The new Republican majority is not yet in place at the West Virginia Legislature and already there is a dispute between the GOP and Democratic U.S. Senator Joe Manchin.
Earlier this week, incoming House Speaker Tim Armstead said the first priority when the Legislature goes into session next month will be repealing an energy law pushed through by then-Governor Manchin and Democratic lawmakers in 2009.
The technical name of H.B. 103 is the Alternative and Renewable Energy Portfolio Standard, but Republicans derisively call it a “cap-and-trade” law. The legislation is designed to lower emissions from coal-fired power plants by requiring utilities to generate increasing amounts of electricity using alternative fuels: 10 percent by next year, 15 percent by 2020 and 25 percent by 2025.
Utilities earn credits for generating electricity from alternative or renewable fuels and must maintain a certain number of credits to avoid fines. The law says “The credits may be traded, sold or used to meet the portfolio standards.”
Armstead can’t wait to relegate the law to the capitol shredder. “We think it not only has a devastating impact on our energy sector, our coal jobs in the state, but also it will result in increased utility rates for our citizens,” Armstead told me on Talkline Monday.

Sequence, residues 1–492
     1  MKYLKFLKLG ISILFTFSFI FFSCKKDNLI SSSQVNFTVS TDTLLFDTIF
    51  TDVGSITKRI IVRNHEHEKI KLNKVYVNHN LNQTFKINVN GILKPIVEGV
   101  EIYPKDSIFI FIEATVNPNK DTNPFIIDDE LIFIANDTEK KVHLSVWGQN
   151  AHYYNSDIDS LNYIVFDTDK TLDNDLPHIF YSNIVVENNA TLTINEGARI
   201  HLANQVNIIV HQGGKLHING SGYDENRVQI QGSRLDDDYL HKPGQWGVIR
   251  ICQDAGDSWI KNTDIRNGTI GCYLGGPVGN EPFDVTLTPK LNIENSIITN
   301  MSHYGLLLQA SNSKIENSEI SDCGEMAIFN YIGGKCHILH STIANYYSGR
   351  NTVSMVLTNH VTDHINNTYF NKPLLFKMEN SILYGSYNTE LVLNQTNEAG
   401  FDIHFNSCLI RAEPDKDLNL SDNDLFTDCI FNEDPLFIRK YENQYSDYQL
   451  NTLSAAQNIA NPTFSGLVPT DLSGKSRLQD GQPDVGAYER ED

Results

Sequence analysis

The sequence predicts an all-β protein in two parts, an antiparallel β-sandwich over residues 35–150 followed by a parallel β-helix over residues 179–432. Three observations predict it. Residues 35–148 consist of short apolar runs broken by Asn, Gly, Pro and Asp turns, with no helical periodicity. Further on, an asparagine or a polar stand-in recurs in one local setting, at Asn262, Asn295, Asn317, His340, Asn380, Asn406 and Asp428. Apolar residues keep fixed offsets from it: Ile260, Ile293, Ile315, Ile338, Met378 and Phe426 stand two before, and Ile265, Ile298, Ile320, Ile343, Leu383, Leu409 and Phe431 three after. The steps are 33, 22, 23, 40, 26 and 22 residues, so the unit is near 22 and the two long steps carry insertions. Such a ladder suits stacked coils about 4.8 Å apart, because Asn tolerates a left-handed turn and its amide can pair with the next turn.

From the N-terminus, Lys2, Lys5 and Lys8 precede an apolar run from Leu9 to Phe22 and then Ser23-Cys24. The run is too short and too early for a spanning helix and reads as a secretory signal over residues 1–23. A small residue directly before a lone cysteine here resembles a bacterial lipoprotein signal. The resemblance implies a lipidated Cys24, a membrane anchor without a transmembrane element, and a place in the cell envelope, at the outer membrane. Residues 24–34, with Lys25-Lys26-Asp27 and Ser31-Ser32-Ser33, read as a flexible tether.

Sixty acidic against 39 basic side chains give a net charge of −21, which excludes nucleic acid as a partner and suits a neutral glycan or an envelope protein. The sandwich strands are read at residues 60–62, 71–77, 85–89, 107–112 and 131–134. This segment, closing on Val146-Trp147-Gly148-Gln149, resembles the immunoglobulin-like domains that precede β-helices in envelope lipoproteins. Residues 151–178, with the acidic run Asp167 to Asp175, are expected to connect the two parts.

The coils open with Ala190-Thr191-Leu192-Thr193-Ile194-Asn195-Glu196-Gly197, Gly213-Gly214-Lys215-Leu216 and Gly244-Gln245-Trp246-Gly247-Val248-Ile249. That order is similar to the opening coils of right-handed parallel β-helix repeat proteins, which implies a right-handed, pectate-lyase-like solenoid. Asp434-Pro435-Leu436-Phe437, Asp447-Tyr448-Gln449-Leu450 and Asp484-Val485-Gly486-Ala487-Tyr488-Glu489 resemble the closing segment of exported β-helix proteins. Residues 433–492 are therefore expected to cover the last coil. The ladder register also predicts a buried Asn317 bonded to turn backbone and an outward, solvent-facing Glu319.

Armstead is referring to a key section of the law—24-2F-7(a): “An electric utility shall have the right to recover the costs of complying with the alternative and renewable energy portfolio standards.” In other words, Armstead reasons, if utilities have to spend more on increasing amounts of alternative fuels, the customer gets stuck with the bill.
Manchin was reportedly livid when he heard about the Republican plan, and he vented on Talkline Thursday. “They have the mantle now and they can set the agenda and probably do whatever suits them best. I understand that, but to call it a cap-and-trade (law)? They know that’s disingenuous and I’m just saying we don’t need that political rhetoric here, especially when it’s inaccurate.”
Manchin says he famously highlighted his opposition to an actual cap-and-trade proposal during a 2010 campaign ad when he fired a bullet through a copy of the federal bill.
The Senator says his goal in pushing the bill through the state legislature five years ago was to encourage the development of more efficient and less polluting alternatives, including carbon-based sources such as coal gasification and liquefaction.
There are two differences, however, between 2009 and now.
First, the coal industry has taken a severe hit because of market conditions and EPA regulations. Any plan that even sounds like cap-and-trade is going to be toxic. And second, Democrats who supported the original bill no longer have a majority.
In the end, the most important number in this debate will not be the percentage of alternative fuels required, but rather the legislative head count. Armstead may not fire a high-powered rifle at a copy of H.B. 103, but it’s clearly in his sights.